German TV show will go on despite live crash: producer

6th December 2010, Comments 0 comments

The producers of one of Germany's most popular TV programmes said Monday the show would go on despite a horrific accident during a live broadcast watched by millions.

"Wetten, dass...?" ("Wanna bet?"), shown on public channel ZDF six or seven times each year, sees members of the public attempt daring feats, interspersed with celebrity chat, and regularly attracts some 10 million viewers.

ZDF programme director Thomas Bellut said the show would now do more to protect its contestants after 23-year-old Samuel Koch suffered serious spine injuries during a prime-time broadcast Saturday.

"'Wetten, dass' will certainly continue," he told public radio.

"We will boost our safety standards once again although we were always of the opinion that they could hardly be more stringent."

During the live show from the western city of Duesseldorf, Koch had attempted to leap lengthways over a moving car wearing spring-loaded stilts.

But he crash landed and was next seen lying motionless face-down on the floor as the audience looked on in horror.

Host Thomas Gottschalk called off the show, a national institution, for the first time in its 29-year history as Koch was rushed to hospital.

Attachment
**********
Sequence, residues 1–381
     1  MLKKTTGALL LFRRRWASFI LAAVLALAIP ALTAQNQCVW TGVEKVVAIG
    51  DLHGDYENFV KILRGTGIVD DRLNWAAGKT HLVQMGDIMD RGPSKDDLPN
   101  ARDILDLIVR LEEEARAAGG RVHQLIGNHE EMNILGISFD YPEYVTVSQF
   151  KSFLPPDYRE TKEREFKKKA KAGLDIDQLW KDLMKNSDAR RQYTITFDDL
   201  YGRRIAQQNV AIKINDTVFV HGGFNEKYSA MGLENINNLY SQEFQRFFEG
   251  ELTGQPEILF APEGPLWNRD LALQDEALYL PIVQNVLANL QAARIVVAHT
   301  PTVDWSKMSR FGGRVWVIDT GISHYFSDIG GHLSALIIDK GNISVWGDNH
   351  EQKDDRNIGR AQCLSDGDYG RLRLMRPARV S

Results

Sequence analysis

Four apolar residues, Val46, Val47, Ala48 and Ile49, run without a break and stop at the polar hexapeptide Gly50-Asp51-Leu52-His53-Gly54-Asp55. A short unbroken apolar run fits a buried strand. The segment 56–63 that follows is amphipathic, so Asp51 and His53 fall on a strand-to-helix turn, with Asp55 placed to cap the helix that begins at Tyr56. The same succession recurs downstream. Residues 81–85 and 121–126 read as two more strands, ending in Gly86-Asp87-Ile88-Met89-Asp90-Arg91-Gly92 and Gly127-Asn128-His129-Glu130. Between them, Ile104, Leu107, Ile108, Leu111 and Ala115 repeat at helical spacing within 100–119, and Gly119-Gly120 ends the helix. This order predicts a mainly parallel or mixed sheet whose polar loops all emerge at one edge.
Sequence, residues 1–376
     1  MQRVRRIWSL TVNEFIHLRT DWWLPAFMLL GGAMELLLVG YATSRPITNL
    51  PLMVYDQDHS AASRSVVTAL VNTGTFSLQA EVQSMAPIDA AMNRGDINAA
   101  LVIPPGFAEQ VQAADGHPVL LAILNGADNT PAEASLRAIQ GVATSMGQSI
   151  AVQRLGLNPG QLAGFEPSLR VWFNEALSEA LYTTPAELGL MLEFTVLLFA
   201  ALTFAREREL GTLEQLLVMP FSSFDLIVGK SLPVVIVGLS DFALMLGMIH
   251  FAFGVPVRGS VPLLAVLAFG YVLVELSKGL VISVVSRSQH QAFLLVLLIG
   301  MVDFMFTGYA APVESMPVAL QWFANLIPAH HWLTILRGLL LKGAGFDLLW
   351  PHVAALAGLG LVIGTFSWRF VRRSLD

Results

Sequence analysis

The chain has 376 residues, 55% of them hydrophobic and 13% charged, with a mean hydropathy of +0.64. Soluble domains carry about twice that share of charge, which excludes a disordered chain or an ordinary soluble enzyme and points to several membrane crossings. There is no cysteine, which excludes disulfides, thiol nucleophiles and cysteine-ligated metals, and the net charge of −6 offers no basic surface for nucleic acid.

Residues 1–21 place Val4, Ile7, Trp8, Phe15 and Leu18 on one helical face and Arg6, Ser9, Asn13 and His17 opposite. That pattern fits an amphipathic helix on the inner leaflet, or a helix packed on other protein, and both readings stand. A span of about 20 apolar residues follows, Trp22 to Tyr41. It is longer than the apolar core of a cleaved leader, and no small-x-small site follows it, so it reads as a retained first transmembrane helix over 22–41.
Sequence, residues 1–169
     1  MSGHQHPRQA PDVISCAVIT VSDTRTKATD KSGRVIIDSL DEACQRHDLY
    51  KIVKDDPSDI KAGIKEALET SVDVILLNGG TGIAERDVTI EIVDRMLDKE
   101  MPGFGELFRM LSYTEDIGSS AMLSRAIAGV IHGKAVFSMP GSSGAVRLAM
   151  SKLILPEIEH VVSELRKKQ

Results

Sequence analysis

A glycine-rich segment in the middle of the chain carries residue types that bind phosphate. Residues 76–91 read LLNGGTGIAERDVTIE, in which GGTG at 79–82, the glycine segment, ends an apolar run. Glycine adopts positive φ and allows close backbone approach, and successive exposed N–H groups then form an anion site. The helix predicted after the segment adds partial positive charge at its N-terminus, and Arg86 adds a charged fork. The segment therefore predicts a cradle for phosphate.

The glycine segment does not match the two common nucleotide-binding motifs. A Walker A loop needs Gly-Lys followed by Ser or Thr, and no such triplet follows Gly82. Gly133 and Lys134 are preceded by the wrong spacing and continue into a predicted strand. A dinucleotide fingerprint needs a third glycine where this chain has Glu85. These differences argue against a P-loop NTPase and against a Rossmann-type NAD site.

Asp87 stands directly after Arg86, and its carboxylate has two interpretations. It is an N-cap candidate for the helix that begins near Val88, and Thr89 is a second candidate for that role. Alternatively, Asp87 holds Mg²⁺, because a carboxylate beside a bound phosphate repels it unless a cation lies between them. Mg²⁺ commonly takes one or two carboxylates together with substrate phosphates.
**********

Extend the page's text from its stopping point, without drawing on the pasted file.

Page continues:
ZDF said Sunday that Koch had suffered "serious spinal injuries" and been put into an artificial coma after doctors operated on him for two and a half hours.

A hospital spokeswoman said Monday that he was still in a critical condition.

Critics say the show's stunts have become more and more dangerous over the years as ZDF has battled for viewers.

"Even if the contestant gets better, as hopefully he will, there will definitely be consequences from this accident," the influential Spiegel magazine said on its website.

"We need to see how we will change the rules for contestants so that something like this never happens again," Bellut acknowledged.

But he denied that a race for top ratings had made the show reckless.

"The pressure for ratings does not make us say that we will be successful at any cost," Bellut said. "Whether we have one or two million viewers more or less is not a decisive factor for us."

© 2010 AFP

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